I had heard about the super bloom of wildflowers in the California desert over the years but never thought much of it. Most likely because we have been experiencing a serious drought and for years there hasn't been much to see except brown, dry brush. This year though, we finally got some much needed rain, and lots of it (at least for us). Spring came early for Southern California, the wildflowers have been exploding all over the place. I see them allover on my hikes and daily errands in the car along the roadside.
I had heard reports from friends who had visited Anza Borrego and the Poppy Reserve that it was packed with people and traffic with long waits in the car. Neither are ideal if you are traveling with a 5 year old! I was looking for a little less of a commitment than A.B. or Death Valley since it was going to be just me and my son. My husband was off skiing for the day in Big Bear and I had a restless boy to entertain. I decided to chance it and set off early in the am, by 8 after an initial travel delay. After a 70 mile drive, (5 fwy to the 14 fwy) we arrived a little past 10 am, and already the line of cars was snaking down and out of the Poppy reserve half a mile down. I would recommend setting out by 7 am for a 9 am arrival for less traffic and best light. I had heard that wildflower gazing was best accessed from the side of the road and not actually from the reserve itself. Because the reserve is protected land, visitors need to stick to trails and not wander off into the fields. I decided to pull over and bypass all the people crowding at the road side and wander through into the fields and low and behold Dries and I were alone with the poppies. It was magical, a perfect day with perfect weather. The sky was blue, there was a little crisp chill in the air with a slight breeze and the sun was shining bright. We took care where we walked and were careful not to trample or pick any flowers.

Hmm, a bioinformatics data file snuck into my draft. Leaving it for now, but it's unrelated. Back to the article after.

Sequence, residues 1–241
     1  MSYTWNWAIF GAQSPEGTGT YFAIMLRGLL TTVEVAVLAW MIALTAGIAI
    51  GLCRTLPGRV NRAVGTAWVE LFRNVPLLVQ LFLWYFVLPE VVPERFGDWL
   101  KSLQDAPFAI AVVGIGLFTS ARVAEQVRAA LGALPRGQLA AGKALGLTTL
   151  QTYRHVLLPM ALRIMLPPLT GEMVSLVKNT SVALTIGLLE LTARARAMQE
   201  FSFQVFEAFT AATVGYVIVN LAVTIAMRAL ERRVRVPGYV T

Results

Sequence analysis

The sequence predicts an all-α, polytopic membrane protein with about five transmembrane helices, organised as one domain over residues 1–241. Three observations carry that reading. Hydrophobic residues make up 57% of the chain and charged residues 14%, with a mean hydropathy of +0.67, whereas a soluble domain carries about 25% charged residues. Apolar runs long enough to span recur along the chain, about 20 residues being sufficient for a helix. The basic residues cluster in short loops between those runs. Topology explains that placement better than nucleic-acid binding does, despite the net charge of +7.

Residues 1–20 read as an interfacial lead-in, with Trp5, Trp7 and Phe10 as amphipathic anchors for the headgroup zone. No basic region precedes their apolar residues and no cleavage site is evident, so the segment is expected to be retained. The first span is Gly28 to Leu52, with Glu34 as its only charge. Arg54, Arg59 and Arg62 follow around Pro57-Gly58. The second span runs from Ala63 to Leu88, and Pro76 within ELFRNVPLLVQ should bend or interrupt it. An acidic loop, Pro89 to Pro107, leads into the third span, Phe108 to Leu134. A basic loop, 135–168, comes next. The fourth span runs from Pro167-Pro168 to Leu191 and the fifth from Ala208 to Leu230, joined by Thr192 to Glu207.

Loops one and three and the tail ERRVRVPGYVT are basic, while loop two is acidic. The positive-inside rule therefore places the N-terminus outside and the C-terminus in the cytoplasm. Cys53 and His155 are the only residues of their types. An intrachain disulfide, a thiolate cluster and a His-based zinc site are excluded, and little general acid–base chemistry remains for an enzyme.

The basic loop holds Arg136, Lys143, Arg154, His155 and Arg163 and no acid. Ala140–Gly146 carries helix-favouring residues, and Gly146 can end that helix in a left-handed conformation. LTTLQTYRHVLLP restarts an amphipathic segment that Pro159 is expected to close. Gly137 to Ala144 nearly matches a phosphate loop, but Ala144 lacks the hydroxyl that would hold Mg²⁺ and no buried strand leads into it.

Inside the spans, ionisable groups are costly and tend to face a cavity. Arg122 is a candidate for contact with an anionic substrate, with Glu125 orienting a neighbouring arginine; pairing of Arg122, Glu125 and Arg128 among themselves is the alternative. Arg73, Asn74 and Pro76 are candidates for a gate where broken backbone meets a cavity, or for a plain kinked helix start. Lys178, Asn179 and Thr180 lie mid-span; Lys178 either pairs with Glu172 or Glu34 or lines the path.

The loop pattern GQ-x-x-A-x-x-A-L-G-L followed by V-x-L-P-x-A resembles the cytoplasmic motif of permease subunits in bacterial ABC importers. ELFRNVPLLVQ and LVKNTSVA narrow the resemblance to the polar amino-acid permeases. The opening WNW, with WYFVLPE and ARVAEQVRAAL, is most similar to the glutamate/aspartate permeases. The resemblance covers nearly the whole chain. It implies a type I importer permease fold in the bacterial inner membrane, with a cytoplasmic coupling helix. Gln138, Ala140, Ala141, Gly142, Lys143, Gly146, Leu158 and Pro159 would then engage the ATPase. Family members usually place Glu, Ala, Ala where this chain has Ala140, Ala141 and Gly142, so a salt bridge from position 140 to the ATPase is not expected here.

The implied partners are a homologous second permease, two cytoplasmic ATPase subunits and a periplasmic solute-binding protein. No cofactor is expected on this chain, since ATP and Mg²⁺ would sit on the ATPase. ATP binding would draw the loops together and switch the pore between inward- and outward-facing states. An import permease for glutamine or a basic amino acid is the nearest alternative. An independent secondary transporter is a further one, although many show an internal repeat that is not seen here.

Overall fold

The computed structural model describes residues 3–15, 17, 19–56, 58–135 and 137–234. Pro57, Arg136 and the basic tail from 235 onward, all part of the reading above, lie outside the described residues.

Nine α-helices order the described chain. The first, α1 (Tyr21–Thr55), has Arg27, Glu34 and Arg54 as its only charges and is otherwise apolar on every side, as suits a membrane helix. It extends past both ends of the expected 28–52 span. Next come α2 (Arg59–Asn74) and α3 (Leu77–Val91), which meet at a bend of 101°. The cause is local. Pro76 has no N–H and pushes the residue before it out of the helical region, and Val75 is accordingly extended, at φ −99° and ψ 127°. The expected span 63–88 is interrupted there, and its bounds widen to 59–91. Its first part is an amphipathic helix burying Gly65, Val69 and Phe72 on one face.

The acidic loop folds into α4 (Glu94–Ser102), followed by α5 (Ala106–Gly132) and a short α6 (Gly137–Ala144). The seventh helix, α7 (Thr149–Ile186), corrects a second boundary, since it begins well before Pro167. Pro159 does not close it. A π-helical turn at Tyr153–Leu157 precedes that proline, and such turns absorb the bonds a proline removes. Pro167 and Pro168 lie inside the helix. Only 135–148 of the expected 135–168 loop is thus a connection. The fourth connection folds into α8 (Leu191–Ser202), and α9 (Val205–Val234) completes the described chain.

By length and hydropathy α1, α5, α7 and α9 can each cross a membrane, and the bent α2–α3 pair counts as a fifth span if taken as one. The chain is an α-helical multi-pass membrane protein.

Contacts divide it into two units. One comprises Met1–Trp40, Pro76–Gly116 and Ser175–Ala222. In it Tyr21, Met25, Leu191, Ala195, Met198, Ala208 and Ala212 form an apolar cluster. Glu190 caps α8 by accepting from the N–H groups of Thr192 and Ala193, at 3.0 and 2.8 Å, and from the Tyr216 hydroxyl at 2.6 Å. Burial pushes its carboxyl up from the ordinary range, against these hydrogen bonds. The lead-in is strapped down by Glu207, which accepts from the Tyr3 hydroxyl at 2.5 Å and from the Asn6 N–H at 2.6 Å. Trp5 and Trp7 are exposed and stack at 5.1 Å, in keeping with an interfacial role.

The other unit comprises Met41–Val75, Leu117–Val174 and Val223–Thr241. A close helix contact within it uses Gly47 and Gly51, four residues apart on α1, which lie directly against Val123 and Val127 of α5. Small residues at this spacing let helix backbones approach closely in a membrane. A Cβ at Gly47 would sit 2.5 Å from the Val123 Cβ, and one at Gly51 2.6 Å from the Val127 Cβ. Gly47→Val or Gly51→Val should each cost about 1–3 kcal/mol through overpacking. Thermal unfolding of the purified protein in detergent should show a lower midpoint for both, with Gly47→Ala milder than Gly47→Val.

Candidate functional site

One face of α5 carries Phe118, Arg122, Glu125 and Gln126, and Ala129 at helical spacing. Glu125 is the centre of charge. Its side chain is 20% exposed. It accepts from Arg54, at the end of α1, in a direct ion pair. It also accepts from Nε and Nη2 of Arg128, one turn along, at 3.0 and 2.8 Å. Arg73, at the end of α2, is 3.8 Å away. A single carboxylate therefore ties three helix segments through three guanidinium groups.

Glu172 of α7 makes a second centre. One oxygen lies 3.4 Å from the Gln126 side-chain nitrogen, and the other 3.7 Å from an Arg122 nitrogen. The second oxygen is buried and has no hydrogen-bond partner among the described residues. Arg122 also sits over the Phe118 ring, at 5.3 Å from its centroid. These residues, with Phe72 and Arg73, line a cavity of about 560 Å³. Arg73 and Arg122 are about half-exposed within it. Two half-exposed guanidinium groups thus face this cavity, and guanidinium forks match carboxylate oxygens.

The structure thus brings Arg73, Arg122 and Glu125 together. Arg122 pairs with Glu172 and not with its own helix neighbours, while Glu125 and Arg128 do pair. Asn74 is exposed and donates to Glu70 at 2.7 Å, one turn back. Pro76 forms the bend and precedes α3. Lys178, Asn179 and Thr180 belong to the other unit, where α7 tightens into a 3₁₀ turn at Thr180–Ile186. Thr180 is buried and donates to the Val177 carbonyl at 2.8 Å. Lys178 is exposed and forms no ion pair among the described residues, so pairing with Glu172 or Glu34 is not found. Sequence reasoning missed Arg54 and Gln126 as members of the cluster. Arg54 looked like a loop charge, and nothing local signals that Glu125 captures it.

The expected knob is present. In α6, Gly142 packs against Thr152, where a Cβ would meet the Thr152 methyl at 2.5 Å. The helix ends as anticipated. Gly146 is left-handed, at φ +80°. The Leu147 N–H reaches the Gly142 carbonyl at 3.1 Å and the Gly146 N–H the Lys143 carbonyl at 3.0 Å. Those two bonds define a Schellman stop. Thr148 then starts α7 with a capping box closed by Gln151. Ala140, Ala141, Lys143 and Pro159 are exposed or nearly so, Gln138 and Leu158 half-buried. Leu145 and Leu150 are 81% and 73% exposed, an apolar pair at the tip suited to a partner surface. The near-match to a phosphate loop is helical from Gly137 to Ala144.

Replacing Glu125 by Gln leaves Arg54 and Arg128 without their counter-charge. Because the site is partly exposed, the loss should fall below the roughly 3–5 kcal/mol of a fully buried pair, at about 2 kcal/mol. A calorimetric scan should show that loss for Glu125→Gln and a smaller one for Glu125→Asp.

Dries watches my husband Raf and I take a lot of pictures, either of jewelry or travel or daily life. We gave Dries one of our old cameras and he likes to practice along with us. This trip seemed like a great opportunity for a beginner photography lesson. We practiced composition, how to hold a camera and how to find your light source. He was so proud and it helped him learned to look more critically at the scenery. He took the picture of me above and the one below is his holding the flowers. Love the macro perspective with his little fingers!
We found a farmhouse and a ramshackle old trailer that made for some good exploring. For the video, scroll down to the end!
Dries was ready to get on the road at this point so we decided to head back to LA. As we walked back to our car, we saw even more cars had joined the line to get in the reserve and there was a line to head back to LA! I had noticed patches of yellow flowers on the way in so I wanted to make sure to check them out on the way back. I'm so glad I did, they were really stunning with views of the snow covered mountains in the distance.
Check out the video of our wildflower adventures!
Hope you go out and have your own adventure and of course, remember to treat the wildflowers with care and not leave any garbage. It is a tricky thing to experience being in nature without affecting it at all in any negative capacity. Car exhaust, touching or trampling plants, garbage and human negligence all take their toll on the landscape. Instead of only viewing nature through the lens of a screen it's crucial to go have the physical experience of sight, sound and smell. How else can we teach our kids to care about the environment if they never experience it firsthand? Being a native of California, I love that within one hour, you can be swimming at the beach, skiing in the mountains or walking in the desert. We truly are so lucky to have such a varied landscape. Go out and explore, I'd love to hear what you find!